Based on the odor of marijuana and the marijuana found on Castillo's person, the officers ordered all of the occupants out of the vehicle and conducted a search of the minivan. In the pouch on the back of the middle row seat on the driver's side of the minivan, in which Carrillo had been seated, the officer recovered a handgun. The pouch was directly in front of the location where Castillo had been initially seated at the time of the traffic stop. Officers also found three baseball bats, a machete, a knife, a mask, and a roll of duct tape in the minivan.

         After all of the occupants were out of the minivan, they were directed to sit on the curb. Shortly before the firearm was found, because of talking and movement among the group, the officers handcuffed all of the occupants. After approximately 30 minutes at the scene, both Defendants were transported to the police station and charged with unlawful possession of the firearm recovered from the minivan. Neither Castillo nor Carrillo were given warnings pursuant to Miranda v. Arizona, 384 U.S. 436 (1966), at the scene of the traffic stop. McGinnis issued a traffic citation to the driver for failing to stop at a stop sign and for driving without a license.

         II. Carrillo Interrogation

         At the police station following the traffic stop, Sergeant Delgado and Officer McGinnis began an interview of Carrillo. Delgado, who is a fluent Spanish speaker, read Miranda rights to Carrillo in Spanish from a Spanish advice of rights form. Specifically, Delgado asked Carrillo if he could read in Spanish. When he stated that he could, Delgado directed Carrillo to read out loud the heading of the form, which read "Advice of Rights" in Spanish. Carrillo did so. After confirming that Carrillo was not under the influence of any alcohol or medication and determining that Carrillo had attended high school up to the tenth grade, Delgado then read the specific rights directly from the form. He told Carrillo, "I'm gonna read them to you and then we'll initial each line and mark yes, if not we're gonna... talk. OK?" Carrillo Tr. 3, ECF No. 78-1. After reading the right to remain silent, Delgado asked, "Do you understand that?" Id. In response, Carrillo nodded yes. After telling Carrillo that "[a]nything you say can be used against you," Delgado asked, "Understand?" Id. After informing Carrillo that he had the right to an attorney and that if he could not obtain one, an attorney would be made available to him, Delgado asked, "Do you understand that?" Id. After each such question, as seen on the video recording, Carrillo nodded in the affirmative. In addition, after each right was read from the Advice of Rights form, Carrillo put his initials next to the corresponding language on the form. Finally, after reading the rights, Delgado asked Carrillo if he understood everything that had been said. Carrillo nodded in the affirmative.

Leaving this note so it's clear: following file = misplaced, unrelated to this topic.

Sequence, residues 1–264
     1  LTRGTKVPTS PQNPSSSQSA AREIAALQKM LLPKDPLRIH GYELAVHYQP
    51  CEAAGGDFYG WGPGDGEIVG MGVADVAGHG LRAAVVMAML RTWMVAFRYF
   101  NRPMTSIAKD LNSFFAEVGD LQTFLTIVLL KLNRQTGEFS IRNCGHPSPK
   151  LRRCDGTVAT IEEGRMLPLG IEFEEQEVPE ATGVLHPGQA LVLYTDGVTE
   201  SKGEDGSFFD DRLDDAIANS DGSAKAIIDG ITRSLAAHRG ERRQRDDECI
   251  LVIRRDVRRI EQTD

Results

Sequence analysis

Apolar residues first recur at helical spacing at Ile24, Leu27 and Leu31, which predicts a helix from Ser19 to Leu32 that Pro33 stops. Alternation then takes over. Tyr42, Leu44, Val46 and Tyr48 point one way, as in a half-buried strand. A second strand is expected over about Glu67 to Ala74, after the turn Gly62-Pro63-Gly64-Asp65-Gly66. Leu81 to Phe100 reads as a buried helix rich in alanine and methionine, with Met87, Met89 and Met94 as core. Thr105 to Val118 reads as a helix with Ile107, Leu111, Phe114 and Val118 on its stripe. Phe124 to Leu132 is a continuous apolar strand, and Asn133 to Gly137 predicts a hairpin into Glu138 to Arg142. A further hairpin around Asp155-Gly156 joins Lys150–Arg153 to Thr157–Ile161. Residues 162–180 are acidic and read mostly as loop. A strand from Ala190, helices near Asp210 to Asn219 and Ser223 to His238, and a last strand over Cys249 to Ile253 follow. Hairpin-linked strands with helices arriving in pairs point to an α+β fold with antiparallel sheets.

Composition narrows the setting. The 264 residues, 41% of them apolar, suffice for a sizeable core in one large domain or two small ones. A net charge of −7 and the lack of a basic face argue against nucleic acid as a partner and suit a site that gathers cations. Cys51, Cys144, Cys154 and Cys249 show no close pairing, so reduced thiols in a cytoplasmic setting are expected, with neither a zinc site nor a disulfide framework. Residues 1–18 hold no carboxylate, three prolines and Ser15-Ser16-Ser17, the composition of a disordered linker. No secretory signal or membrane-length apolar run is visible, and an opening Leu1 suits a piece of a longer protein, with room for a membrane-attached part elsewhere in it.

III. ...